There were two key parts missing from the festival this year though, and both were lost at the hands of the UK Border Agency. The Ghana Footsteps—a new project exploring volta rhythms, involving musicians from Taafi in Ghana in collaboration with local DIY musicians from Glasgow—and Mohammad Reza Mortazavi—a percussionist who radically expands the language of the Iranian toumbak —were both unable to enter the UK. The former was due to a straight-up visa rejection; the latter due to a week-long delay in his ‘fast track’ visa rejection—long enough to make him miss two flights to the festival, stuck, with no passport, at the Iranian embassy in Berlin. These decisions left artists and audiences devastated. We (the organisers) were devastated too, but also deeply embarrassed for getting people’s hopes up and wasting so much of their time. The decisions cast a bleak shadow over the festival proceedings. Many cried during the Ghana Footsteps film. Thanks must go to Arash Moradi and Michael LaCour, the artists who generously stepped in at the last minute to deliver brilliant replacement performances.

Visa rejections and delays are nothing new in the UK. Last year, the Guardian published a piece on how the UKBA’s decisions are affecting the UK music economy and ecosystems. The piece highlights the shared collective disappointment and infuriation at the UK Border Agency’s application process, communication process, and decisions. One of the most shocking accounts came from Ben Makkes, manager for legendary Ghanian highlife artist Ebo Taylor, who was refused entry despite having previously entered the UK to perform countless times during his 60 year career. “In the end,” Makkes said, “we lost €20,000 (£17,000) in flights and fees, and I don’t think we’ll come back to the UK because of that.” I have lost count of the number of artists I’ve worked with who have said the exact same thing to me. And the doubt and anxiety is rising even beyond artists whose nationalities mean that they cannot enter the UK without a visa. With the uncertainty surrounding Brexit and the looming potential of closed borders, many European-based artists have started expressing concern over future UK performances.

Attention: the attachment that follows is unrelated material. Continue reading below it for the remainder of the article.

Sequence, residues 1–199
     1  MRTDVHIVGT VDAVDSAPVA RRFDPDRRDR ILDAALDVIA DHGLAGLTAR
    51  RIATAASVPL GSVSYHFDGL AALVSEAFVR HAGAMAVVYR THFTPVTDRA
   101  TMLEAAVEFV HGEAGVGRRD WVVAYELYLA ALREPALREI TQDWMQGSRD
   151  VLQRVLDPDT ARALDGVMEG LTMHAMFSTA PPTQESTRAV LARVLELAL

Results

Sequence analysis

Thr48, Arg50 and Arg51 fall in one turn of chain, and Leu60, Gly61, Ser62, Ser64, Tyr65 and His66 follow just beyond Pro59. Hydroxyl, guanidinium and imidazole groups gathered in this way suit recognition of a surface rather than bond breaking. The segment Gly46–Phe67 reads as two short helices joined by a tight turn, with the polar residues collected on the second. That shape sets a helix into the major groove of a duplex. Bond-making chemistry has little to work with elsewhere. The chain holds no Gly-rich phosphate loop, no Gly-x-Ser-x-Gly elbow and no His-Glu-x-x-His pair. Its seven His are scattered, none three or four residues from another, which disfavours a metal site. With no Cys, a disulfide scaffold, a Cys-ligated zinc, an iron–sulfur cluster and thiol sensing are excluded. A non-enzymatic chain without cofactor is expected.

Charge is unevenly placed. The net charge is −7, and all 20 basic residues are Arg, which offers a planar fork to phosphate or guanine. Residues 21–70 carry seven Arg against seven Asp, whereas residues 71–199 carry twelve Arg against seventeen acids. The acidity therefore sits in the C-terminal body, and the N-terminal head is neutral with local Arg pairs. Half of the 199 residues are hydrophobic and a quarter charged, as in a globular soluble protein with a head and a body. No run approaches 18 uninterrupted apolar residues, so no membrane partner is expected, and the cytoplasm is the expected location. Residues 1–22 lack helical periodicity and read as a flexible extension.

If one needs a visa to enter the UK, the application processes are costly, rigorous, and often confusing. The Tier 5—Creative and Sporting Visa application makes several intrusive and exclusionary demands, including enquiries into artist bank balances. Musicians are required to provide bank statements covering 90 days, to show they have had at least £945 in savings continuously for the entire period. This isn’t just a racist and classist demand. In Ghana, where many people do not have bank accounts, this instantly renders the application process near impossible. On top of this, many artists in Ghana do not carry photo-ID or have registered home addresses, meaning the amount of pre-visa application work can take months. It is worth noting that there is no remuneration or insurance system for a failed or delayed visa application. We were extremely luckily that the British Council, who were funding the Ghana Footsteps performance, permitted us to reallocate that funding. This allowed Ghana to make a short film that was screened at the festival, and offer a series of drum workshops in Taafi. If we hadn’t been that fortunate, all the work and costs involved outside of paying for the visa applications—gathering paperwork, project administration, preparing music, rehearsing, travelling to and from embassies— would have been lost to the ether.

Once visa applications are submitted, there is no way of speeding up the process, or checking on its the progress beyond the categories “yet to be processed”, “in process”, “failed”, or “accepted”. If you contact UKBA, the call will cost £1.37 per minute on top of standard network charges, with waiting times often lasting hours. Email enquiries cost £5.48. The process recalls a similar system introduced in prisons in Jersey and Guernsey, where families have to pay £10 to use an encrypted video call service if they wish to contact their incarcerated loved ones. Othered, colonised bodies are capitalised upon by the colonial state: the same state that incarcerates or rejects them.